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How is Monjuvi given / administered?

Medically reviewed by Leigh Ann Anderson, PharmD. Last updated on Nov 28, 2022.

Official answer


Monjuvi is given by a healthcare provider as an intravenous (IV) infusion using a needle inserted into a vein. You will receive your medicine at a clinic or infusion center. Your first IV infusion will take about 1.5 to 2.5 hours; thereafter, your infusions will usually take 1.5 to 2 hours. You may need to be at the clinic for a longer period of time for preparation and observation.

In the clinic, you will receive medicines before the infusion to decrease your risk of an infusion reaction. In studies, most infusion reactions with Monjuvi occurred during the first or second cycle (the first or second month). These reactions may include fever, chills, rash, flushing, shortness of breath, and high blood pressure.

If you don’t have an infusion reaction, premedication may be stopped at a later date. Premedications include medicines like acetaminophen (Tylenol), antihistamines or corticosteroids (for example: prednisone or dexamethasone).

When was Monjuvi approved?

In July, 2020 the FDA approved Monjuvi (tafasitamab-cxix), used in combination with lenalidomide (Revlimid), for the treatment of diffuse large B-cell lymphoma (DLBCL) in adults. Monjuvi works with your immune system to help fight this type of lymphoma. This treatment is given on a long-term basis to help you maintain control of your disease.

What is the dose of Monjuvi?

Because Monjuvi dosing is based on your weight, your healthcare provider will determine your exact dose. The recommended dose of Monjuvi is 12 milligrams (mg) per kilogram (kg) of actual body weight given as an intravenous (IV) infusion based on a specific dosing schedule. You will receive treatment in “cycles”. Each treatment cycle lasts for 28 days.

Monjuvi dosing schedule:

  • Cycle 1: Monjuvi is given on days 1, 4, 8, 15 and 22.
  • Cycles 2 and 3: Monjuvi is given on days 1, 8, 15 and 22.
  • Cycle 4 and beyond: Monjuvi is given on days 1 and 15.

Your healthcare provider will determine the number of treatments you should receive.

Monjuvi is used in combination with another medicine called lenalidomide (Revlimid). Lenalidomide 25 mg oral capsule is taken once a day on days 1 to 21 of each treatment cycle for the first 12 cycles (for about one year).

What are the most common or serious side effects with Monjuvi?

The most common side effects that occurred in at least 20% of patients (20 out of every 100 patients) included:

  • neutropenia (low white blood cell count) (51%)
  • feeling tired or weak (38%)
  • anemia (low red blood cell count) (36%)
  • diarrhea (36%)
  • low blood platelet count (31%)
  • cough (26%)
  • fever (24%)
  • swelling of the lower legs or hands (24%)
  • respiratory tract infection (24%)
  • decreased appetite (22%)

Serious side effects with Monjuvi, occurring in 6% or more of patients, included: infections (26%), such as pneumonia (7%) and febrile neutropenia (6%). With febrile neutropenia, you have a high fever with a low white blood cell count, and the risk or severity of an infection may be higher than normal.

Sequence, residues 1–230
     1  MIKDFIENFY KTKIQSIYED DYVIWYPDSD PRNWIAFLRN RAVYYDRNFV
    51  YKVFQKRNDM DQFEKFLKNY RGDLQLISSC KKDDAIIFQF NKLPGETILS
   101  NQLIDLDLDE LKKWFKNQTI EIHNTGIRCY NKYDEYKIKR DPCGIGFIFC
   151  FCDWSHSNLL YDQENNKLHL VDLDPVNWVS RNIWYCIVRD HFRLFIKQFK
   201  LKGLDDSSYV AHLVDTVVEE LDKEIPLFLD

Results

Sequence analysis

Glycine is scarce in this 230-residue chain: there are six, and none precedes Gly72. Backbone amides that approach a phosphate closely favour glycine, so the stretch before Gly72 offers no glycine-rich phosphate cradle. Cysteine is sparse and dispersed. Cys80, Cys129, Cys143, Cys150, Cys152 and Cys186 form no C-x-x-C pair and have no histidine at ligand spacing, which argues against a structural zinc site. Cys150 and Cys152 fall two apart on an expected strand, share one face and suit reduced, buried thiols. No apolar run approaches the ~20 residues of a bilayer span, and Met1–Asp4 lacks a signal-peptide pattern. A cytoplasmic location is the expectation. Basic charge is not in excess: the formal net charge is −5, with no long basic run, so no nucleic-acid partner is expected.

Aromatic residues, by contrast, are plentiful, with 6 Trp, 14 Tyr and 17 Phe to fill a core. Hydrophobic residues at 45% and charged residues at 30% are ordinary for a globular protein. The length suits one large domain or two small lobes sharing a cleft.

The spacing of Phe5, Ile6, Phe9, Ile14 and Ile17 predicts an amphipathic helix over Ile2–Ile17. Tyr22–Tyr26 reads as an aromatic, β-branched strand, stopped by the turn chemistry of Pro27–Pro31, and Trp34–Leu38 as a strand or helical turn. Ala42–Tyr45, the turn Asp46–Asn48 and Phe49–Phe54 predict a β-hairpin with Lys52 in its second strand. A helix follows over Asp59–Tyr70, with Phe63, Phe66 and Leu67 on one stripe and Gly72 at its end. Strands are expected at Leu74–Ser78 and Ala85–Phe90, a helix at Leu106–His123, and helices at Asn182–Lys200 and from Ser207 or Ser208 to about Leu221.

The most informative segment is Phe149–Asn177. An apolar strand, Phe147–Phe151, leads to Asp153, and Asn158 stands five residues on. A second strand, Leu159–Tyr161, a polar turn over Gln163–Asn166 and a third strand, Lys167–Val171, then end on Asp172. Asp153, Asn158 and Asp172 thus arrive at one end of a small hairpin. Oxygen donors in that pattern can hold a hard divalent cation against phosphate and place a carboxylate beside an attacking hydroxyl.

If you have serious side effects, your healthcare provider may need to delay or stop your Monjuvi treatment. In studies, serious adverse reactions occurred in 52% of patients, with 15% of patients having to stop Monjuvi treatment permanently, and 65% of patients needing to delay treatment.

The most common side effects leading to discontinuation of treatment were infections (5%), nervous system disorders (2.5%), respiratory, thoracic and mediastinal disorders (2.5%).
The most common side effects leading to delay of treatment were blood and lymphatic system disorders (41%), and infections (27%).

Other serious side effects include infusion reactions, and low blood cell counts (platelets, red blood cells, and white blood cells).

Fatal side effects occurred in 5% of patients who received Monjuvi in studies and included stroke (1.2%), serious breathing problems (1.2%), progressive multifocal leukoencephalopathy (1.2%, a viral brain infection), and sudden death (1.2%).

Tell your healthcare provider right away if you:

  • get a fever of 100.4°F (38°C) or above
  • have any bruising or bleeding
  • develop any signs or symptoms of an infection
  • get a fever, chills, flushing, headache, or shortness of breath during an infusion of MonjuviI.

This is not all the information you need to know about Monjuvi (tafasitamab-cxix) for safe and effective use and does not take the place of your doctor’s directions. Review the full product information and discuss this information and any questions you have with your doctor or other health care provider.

  • Salles G, Duell J, González Barca E, et al. Tafasitamab plus lenalidomide in relapsed or refractory diffuse large B-cell lymphoma (L-MIND): a multicentre, prospective, single-arm, phase 2 study. Lancet Oncol. 2020 Jul;21(7):978-988. doi: 10.1016/S1470-2045(20)30225-4.
  • Monjuvi prescribing information. Revised 6/2021. MorphoSys. Boston, MA. Accessed Nov. 28, 2022 at
  • Safety profile. Accessed Nov. 28, 2022 at

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